Some records slip beneath nearly every radar. These brilliant albums end up not only missing out on end of year plaudits but throughout the year these records failed to procure the reams of verbiage they deserved. These are the outsiders; the records which people weren't brave enough to crank out on their airwaves, nor to fill a page or two of their publications with. These are the records so special that our writers sent death threats to our offices for not including them in DiS' 50 albums of 2008.
So without further ado, these are the eight that you (and we) should have been celebrating.
This Is It and I Am It and You Are It and So Is That and He Is It and She Is It and It Is It and That Is That
(Kill Rock Stars)
Damn she moves fast! It’s only been a year since In Advance on the Broken Arm showcased more ideas than Sonic Youth’s whole career, and Marnie Stern is already back with her self-proclaimed “pop album”, which does indeed sound like shiny-happy R’n’B if you squint your brain, so the ultra-complex guitar-lines turn into glimmering synth parts. Musically, this isn’t a huge leap forward from the debut, but at least four stand-out tracks rock HARD, even anthemically, rather than just FAST, to fit in more notes that suggest new textures. Comparisons to Van Halen, Mick Barr, and those fictive time-travellers Wyld Stallyns (!) are warranted, but also Tom Verlaine and Robert Fripp who know about restraint and emotion. In places Marnie wants the guitars to sound brittle, inorganic and crystalline, but elsewhere like a rush of neurotransmitters on a molecular level – y’know: a feeling.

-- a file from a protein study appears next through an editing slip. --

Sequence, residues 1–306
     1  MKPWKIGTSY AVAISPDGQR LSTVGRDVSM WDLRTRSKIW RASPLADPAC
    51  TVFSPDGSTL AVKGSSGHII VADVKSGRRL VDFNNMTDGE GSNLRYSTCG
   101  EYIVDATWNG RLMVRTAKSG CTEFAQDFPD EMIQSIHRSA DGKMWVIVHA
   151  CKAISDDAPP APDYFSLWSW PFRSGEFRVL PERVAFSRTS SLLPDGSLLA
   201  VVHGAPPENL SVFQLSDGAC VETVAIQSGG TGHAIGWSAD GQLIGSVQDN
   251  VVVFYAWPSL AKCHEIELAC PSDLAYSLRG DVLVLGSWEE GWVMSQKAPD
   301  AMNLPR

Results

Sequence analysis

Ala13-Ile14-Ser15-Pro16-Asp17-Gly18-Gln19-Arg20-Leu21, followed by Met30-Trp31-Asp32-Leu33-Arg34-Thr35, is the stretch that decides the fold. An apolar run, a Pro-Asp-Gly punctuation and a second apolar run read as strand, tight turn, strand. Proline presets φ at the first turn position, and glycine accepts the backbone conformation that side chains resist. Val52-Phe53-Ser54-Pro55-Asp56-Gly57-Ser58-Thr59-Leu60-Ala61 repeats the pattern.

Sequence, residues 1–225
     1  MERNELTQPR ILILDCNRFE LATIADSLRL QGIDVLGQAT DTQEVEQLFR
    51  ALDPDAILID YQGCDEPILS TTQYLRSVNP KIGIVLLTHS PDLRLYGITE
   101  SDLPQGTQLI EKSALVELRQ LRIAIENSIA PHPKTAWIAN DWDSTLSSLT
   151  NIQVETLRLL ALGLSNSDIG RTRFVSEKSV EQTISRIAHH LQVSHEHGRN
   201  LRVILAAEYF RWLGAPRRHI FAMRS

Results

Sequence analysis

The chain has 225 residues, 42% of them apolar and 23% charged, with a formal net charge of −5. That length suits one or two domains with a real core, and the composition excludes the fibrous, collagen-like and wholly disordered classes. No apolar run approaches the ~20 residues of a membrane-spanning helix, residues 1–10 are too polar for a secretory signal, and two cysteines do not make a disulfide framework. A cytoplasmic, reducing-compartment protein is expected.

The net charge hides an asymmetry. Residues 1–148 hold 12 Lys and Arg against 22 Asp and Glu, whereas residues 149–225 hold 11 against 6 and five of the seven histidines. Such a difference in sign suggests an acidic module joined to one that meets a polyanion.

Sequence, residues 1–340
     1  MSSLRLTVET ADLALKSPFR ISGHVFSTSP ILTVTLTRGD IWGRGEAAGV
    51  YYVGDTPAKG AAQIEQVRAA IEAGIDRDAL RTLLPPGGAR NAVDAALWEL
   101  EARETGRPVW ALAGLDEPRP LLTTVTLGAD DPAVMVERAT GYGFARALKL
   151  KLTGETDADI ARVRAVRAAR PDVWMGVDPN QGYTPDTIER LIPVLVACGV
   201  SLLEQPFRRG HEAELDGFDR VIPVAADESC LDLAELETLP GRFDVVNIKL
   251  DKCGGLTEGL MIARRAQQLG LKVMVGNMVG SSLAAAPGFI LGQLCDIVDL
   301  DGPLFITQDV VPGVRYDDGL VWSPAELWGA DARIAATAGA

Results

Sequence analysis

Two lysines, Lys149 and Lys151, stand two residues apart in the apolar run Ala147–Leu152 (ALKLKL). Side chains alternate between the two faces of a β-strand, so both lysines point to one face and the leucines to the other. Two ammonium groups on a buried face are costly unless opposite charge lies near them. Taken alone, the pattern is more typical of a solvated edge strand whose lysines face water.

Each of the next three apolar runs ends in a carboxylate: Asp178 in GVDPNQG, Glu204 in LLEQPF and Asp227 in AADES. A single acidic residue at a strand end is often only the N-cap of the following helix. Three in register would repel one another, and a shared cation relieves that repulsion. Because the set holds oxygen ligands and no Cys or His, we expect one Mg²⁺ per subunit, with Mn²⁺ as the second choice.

Admittedly, Marnie’s shred-guitar style might not win you over straight off, making this one of those occasional gambles you have to take, that proves more rewarding with each listen. Vespertine and Ys emphasised melodic complexity, impressionistically, and yet stand above a decade of alternative music with their depictions of New Love as New World; everything enriched because of the central “You” or “Him”. Less physical, but no less daringly personal, This Is It is about getting inside someone’s head, and making sense of what’s in your own.